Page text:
Later, after the scene had been cleared and she was leaning against a fire truck trying to keep her breakfast down, he'd explained that in such incidents they didn't have time to try to save everyone. A person without a pulse was dead and while CPR was sometimes successful in changing that outcome it was no guarantee of success. Time spent trying to save someone who might not live regardless of their efforts was time they didn't get to spend on someone they could definitely save. It had seemed so wrong to Jules at the time, but she could see the pain in the medic's eyes that said it hurt him just as much. His words had struck a cord with her that day that had stayed with her just as much as the initial training had.
"Callaghan, when the number of wounded exceed the number of caregivers like out there today, it gets to you. No matter how much you want to save them all, you just can't. No pulse means technically the person is already dead. In triage, there is no CPR or defibrillation. Those measures take time; time we just don't have when there are so many injured. We spend five or ten minutes trying to save one patient who may not survive regardless of our attempts, and we could lose dozens of others that could have been saved if we'd gotten to them in time. It ain't easy and it'll never seem fair. So you save the ones you can and try to push the ones you can't from your mind so you can focus on your job. Unfortunately, it won't keep those faces from returning to haunt you for nights or weeks to come. But during the emergency, you do the best you can even if your best can't be enough. Because even though you can't save them all, the ones that can be saved need you. And you may be the only help they can count on."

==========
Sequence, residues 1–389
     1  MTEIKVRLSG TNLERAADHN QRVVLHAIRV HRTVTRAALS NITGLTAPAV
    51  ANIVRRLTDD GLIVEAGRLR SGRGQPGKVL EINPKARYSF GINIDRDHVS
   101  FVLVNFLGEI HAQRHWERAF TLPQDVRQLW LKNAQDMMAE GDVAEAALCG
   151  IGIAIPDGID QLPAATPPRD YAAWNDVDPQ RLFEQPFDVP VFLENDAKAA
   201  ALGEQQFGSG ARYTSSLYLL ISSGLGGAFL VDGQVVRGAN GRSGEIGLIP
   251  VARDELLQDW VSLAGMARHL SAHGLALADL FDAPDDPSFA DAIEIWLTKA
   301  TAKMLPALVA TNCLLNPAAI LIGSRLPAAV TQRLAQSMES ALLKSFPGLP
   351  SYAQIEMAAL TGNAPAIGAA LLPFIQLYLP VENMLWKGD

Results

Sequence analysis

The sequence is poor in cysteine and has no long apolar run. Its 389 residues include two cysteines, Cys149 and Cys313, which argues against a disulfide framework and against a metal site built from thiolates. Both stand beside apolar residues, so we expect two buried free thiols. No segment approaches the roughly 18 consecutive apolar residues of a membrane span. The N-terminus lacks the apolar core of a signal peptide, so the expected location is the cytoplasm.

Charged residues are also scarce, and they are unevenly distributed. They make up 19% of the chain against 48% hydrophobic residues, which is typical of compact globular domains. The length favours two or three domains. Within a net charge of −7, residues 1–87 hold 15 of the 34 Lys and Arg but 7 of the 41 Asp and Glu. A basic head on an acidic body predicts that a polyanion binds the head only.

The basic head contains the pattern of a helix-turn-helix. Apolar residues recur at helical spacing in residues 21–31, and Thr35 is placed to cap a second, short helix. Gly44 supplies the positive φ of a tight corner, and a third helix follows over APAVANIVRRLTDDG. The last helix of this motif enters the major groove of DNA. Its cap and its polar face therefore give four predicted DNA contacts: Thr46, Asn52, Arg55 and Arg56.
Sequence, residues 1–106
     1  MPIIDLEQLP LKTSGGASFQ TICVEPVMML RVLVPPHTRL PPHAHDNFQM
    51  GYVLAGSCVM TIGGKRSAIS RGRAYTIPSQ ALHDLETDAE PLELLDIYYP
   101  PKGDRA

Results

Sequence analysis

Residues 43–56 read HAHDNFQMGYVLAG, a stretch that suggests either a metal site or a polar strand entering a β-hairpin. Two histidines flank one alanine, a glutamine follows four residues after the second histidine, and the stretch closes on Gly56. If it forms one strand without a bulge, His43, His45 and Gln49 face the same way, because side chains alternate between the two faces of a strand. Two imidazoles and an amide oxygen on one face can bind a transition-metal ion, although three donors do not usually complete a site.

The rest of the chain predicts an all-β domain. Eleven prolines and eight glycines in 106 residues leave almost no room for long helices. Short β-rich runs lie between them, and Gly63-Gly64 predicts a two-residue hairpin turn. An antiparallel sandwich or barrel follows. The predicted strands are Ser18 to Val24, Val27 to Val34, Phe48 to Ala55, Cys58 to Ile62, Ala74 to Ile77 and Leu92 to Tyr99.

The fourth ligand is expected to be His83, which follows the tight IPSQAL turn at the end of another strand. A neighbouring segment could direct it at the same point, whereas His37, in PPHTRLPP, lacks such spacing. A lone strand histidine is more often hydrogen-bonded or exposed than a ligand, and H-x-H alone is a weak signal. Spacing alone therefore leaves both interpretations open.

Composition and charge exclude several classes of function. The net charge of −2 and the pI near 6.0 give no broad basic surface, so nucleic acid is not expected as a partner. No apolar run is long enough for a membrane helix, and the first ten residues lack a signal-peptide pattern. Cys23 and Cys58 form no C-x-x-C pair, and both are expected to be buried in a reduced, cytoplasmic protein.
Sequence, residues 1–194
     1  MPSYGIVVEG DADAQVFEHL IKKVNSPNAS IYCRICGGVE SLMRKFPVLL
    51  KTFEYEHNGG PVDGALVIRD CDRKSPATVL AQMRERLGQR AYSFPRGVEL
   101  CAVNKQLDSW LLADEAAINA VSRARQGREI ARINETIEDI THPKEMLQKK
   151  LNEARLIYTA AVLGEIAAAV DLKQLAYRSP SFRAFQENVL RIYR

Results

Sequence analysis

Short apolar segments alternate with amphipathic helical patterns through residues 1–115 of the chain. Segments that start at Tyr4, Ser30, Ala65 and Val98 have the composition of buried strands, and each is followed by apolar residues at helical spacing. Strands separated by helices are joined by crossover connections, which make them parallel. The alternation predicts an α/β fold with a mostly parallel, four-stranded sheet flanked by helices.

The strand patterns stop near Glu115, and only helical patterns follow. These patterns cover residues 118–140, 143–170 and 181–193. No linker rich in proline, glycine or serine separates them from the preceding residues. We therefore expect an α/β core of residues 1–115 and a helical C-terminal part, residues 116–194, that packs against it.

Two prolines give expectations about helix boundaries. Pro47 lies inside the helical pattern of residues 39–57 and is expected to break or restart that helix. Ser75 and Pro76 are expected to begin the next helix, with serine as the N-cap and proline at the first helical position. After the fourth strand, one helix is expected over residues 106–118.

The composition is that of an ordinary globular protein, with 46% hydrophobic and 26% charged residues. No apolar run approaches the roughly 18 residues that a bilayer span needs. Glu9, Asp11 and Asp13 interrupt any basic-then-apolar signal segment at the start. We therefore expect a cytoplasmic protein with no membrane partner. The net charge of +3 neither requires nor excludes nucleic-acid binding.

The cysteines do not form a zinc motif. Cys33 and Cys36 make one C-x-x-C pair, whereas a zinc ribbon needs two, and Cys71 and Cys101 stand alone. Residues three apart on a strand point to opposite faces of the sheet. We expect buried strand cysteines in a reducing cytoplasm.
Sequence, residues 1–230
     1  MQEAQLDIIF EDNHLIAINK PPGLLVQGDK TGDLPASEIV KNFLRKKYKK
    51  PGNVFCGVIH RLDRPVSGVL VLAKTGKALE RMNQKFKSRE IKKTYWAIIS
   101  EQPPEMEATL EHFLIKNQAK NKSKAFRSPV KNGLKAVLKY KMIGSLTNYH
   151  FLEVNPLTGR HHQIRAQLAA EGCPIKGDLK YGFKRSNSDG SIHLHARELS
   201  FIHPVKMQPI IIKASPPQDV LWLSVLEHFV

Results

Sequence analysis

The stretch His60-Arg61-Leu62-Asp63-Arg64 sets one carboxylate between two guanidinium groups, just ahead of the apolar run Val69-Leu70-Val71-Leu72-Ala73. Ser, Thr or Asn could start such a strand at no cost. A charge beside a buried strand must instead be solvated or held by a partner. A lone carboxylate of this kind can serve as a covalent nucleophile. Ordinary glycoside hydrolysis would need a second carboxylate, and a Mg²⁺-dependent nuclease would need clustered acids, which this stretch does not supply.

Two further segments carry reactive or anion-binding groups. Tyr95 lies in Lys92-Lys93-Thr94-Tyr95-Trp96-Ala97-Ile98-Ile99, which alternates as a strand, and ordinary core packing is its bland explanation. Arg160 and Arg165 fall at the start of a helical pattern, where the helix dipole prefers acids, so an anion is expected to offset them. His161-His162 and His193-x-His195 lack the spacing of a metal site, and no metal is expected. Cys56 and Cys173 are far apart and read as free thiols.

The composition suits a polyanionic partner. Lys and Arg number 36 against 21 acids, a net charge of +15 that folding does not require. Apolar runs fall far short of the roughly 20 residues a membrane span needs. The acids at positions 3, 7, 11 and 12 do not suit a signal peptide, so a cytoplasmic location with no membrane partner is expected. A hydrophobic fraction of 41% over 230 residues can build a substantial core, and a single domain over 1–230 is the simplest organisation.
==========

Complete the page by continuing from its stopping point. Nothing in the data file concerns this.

Those words ran through her mind now as she drove through the city streets toward the bomb site. This was supposed to be the happiest day of her life. Just hours earlier, she'd married the love of her life and announced to family and friends that she and Sam were bringing another life into the world in just six more months. Her life as she wanted it was just beginning. Now as she could see the ravaged streets looming in front of her, she knew that for others, their lives were ending. And she'd be one of the ones having to make those calls.
She and Leah joined Ed at his SUV as he ordered the two of them to help EMS with the tagging. Her stomach twisted as almost in the same breath Ed ordered Sam into the destroyed building to do the same. She couldn't help but take the moment to watch him as he grabbed the rescue gear and raced away from her. She wanted to call out to him, caution him to be careful or maybe just to say I love you one more time; she said neither, however, and instead just watched as he disappeared from her view. She trusted him to do his job as safely as he could just as he would trust her to do the same. Just because they were now married didn't mean they could change the rules.
Ed handed her and Leah a stack of tags and reminded them of the levels of priority. She took them almost reluctantly; glancing around at the destruction around her she was afraid she'd run out of red and black tags long before green or yellow.
They knelt beside the first victim they reached, a red. They raised his feet to help prevent the shock and moved on. Jules and Leah worked in tandem even after Ed separated from them. Even as Jules evaluated the physical condition of the victims they checked she couldn't help but see the despair and confusion in each pair of eyes she looked into. Regardless of what color tag they clipped to the body, Jules was sure each soul she looked into needed its own red or black tag. Unfortunately, there was nothing carried on any of the ambulances pouring into the area that could repair the damage done to the psyche within. Maybe not even time itself could do that.